Multi-use strippers include more than one hole for stripping a variety of buffer and jacket sizes. Multi-use strippers tend to cost more than single-use versions, and some technicians have complained that they increase the potential to use the wrong sized hole. But multi-use strippers are also designed to offer more functionality, more reliable stripping, and fewer tools to carry around.
The multi-use tool
Ripley offers two dual-hole fiber-optic strippers. The FO 103-D-J includes one hole for removing the 250-µm buffer down to the 125-µm fiber and a second hole for stripping the 2 to 3-mm fiber jacket. Ripley's FO 103-D-250 dual-hole stripper includes a second hole for stripping the 900-µm tight buffer down to the 250-µm acrylate.
"We're trying to make the strip more reliable with holes specifically designed for each buffer," says Sean Powell, sales manager for Ripley. "The FO 103-D-250 is more reliable for stripping the 900-µm buffer down to the 125-µm glass fiber in two steps versus the technique-sensitive single-use tools." Powell also points out that some connector manufacturers specify leaving a certain amount of the 250-µm acrylate coating on the fiber, which requires a hole designed to only remove the 900-µm buffer.
Ripley's most recent multi-use stripper, the FO 103-T-250-J Tri-Hole stripper (pictured above), combines all three functions in one compact tool. It includes one hole for removing the 2 to 3-mm jacket, a second hole for removing the 900-µm buffer to the 250-µm acrylate, and a third hole for stripping the 250-µm acrylate down to the 125-µm glass fiber.
Late last year, Jonard Industries unveiled a similar 3-hole stripper, the JIC-375 (page 69), for stripping the 2 to 3-mm jacket, 900-µm buffer, and 250-µm acrylate. "We looked at the complaints for multi-use strippers, and we've done our best to ensure that the technician uses the proper hole, even in dim light," says Frank. "We've etched pictures of the different parts of the fiber directly onto the tool next to its specific hole, as well as printing the information on the tool's handle."
Ideal Industries offers two multi-use fiber strippers. The Lite-Strip is a higher-end tool with pre-adjusted blades for stripping off the outer jacket, 900-µm buffer, and 250-µm acrylate in three separate steps, which the company says is ideal for novice technicians. The MiniLite-Strip includes one hole for stripping 900-µm directly down to the 125-µm glass fiber and a second hole for stripping the outer jacket.
"The MiniLite-Strip is becoming popular mainly because of its price of about $35, which is almost half the cost of others," says Payerle. "It's a very ergonomic, compact tool, and our customers like the way it fits in their hand and offers better stability and control."
Also last year, Paladin Tools introduced the FiverOptic Stripper (page 65), the first fiber stripper with five specific holes for stripping 2.8 to 3-mm jackets, 2 to 2.4-mm jackets, 2 to 3-mm loose-tube jackets, 900-µm buffer, and 250-µm acrylate.
"The FiverOptic Stripper is the only multi-use tool with a specific hole for cutting into the jacket of loose-tube fiber,” claims Shutts. “It's designed to just score it enough so you can snap the jacket off and avoid touching the fibers inside. The FiverOptic is a high precision tool being offered at a lower cost, which is one the main reasons for its success." According to Shutts, getting the FiverOptic stripper into several OEM fiber prep and termination kits has been another method for success.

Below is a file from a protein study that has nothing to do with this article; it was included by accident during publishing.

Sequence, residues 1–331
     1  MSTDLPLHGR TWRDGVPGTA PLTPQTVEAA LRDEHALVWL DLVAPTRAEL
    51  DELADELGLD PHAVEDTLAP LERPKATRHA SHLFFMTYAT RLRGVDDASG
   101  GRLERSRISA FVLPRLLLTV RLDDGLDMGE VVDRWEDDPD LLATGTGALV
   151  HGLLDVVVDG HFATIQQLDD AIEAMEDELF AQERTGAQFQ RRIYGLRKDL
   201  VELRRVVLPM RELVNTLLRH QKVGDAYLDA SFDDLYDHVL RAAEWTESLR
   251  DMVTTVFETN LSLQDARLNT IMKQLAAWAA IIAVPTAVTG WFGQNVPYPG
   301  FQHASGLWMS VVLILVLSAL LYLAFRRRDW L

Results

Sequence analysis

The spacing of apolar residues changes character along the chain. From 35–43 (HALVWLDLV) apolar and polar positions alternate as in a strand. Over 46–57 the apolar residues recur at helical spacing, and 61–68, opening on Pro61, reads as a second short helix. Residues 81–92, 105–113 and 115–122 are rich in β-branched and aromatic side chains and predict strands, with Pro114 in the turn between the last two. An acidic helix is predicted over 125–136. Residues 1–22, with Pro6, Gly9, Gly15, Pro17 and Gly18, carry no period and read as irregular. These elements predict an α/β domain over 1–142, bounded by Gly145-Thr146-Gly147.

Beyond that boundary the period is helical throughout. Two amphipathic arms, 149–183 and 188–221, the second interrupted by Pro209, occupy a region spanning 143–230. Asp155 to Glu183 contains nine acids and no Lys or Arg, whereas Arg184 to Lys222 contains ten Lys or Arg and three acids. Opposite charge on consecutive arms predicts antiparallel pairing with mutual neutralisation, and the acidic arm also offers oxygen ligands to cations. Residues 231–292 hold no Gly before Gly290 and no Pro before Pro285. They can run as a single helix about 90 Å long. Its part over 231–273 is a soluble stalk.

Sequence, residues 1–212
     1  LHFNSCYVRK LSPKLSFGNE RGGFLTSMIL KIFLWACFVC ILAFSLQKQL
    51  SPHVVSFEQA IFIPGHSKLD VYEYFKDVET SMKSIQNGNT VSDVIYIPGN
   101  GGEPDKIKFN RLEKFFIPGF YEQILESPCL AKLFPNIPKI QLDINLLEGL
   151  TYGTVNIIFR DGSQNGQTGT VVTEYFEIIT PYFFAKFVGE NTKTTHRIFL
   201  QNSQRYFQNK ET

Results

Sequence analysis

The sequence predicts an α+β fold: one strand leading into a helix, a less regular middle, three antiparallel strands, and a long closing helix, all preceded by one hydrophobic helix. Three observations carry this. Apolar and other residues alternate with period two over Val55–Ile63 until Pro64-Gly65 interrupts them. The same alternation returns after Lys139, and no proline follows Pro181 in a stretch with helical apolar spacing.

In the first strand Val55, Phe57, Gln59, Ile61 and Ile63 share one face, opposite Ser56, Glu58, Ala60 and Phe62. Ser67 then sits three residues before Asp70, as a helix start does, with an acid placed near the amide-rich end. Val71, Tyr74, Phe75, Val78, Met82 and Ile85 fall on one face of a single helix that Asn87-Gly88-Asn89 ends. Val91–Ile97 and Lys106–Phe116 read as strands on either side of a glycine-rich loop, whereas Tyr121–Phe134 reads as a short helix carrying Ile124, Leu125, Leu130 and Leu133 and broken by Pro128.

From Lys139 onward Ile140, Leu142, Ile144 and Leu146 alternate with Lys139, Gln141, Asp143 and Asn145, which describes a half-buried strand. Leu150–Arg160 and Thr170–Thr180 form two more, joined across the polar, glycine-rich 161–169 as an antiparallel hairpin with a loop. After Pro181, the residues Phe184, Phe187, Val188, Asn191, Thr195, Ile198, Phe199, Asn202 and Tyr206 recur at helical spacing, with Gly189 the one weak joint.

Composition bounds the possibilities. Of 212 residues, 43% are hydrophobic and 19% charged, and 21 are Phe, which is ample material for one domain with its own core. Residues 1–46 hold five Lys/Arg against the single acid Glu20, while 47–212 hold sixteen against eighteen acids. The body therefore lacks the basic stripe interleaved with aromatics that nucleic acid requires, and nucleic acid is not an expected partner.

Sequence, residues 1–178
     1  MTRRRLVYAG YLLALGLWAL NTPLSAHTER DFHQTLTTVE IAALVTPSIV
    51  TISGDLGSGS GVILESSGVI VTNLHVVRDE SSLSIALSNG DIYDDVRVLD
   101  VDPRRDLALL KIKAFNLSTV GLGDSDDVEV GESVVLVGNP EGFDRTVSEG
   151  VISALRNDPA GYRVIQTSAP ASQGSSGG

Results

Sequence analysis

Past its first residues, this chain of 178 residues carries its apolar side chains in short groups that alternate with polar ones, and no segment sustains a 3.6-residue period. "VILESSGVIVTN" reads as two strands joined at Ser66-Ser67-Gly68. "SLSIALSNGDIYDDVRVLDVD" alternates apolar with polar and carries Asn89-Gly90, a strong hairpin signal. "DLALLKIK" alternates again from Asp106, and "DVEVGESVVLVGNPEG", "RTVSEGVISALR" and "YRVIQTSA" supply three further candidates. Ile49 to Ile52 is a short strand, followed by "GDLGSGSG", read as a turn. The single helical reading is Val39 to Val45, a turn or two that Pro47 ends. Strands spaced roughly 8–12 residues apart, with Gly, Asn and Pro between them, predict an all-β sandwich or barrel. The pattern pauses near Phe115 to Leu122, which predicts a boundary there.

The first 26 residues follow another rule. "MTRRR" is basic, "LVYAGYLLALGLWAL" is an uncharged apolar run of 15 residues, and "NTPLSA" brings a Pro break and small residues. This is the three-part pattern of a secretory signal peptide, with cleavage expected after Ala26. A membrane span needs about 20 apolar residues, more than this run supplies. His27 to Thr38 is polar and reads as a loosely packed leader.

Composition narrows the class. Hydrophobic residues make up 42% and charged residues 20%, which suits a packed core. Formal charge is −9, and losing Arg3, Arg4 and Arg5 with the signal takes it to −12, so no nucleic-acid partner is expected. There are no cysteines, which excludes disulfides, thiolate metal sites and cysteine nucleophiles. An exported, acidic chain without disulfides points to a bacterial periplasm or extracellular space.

"The FiverOptic utilizes diamond-shaped holes, which offer better contact on all four sides and allow you to hold the tool perpendicular to the fiber when stripping," says Shutts. Manufacturing perfectly round holes at these sizes is virtually impossible, he adds, which is why other tools use elliptical-shaped stripping holes. "The elliptical shape can require holding the tool on an angle or rocking it back and forth, which can cause scoring of the fiber," Shutts says.
Time for a change?
Sticking with a traditional single-use stripper may be the easiest course of action, but the benefits provided by newer multi-use tools may be cause for reconsideration.
To ensure technicians use the proper hole, Jonard Industries has etched the parts of the fiber next to its specific hole and printed the information on the handle of their 3-hole JIC-375 stripper.
"Up until now, the single-use tools have been the predominant stripper,” acknowledges Sean Powell, sales manager for Ripley. “Change takes time, and we're starting to see a shift. While the multi-use tools offer more functionality, it still comes down to what the technician was trained on. As more technicians entering the industry are trained on multi-use tools, or acquire them as part of a termination kit, we anticipate multi-use tools to grow in popularity."
Whether you continue to use a single-use tool or choose to shift to a multi-use version, tool manufacturers all agree that the key to stripping fiber is choosing precision tools from a reputable manufacturer.
"Cheaper imported tools have not gained ground here in the U.S., because although they can pull off stripping for a certain amount of time, they can't consistently perform or maintain proper tolerances over the life of the tool," says Ripley's McCandless.
BETSY ZIOBRON is a freelance writer covering the cabling industry, and a frequent contributor to Cabling Installation & Maintenance. She can be reached at: email@example.com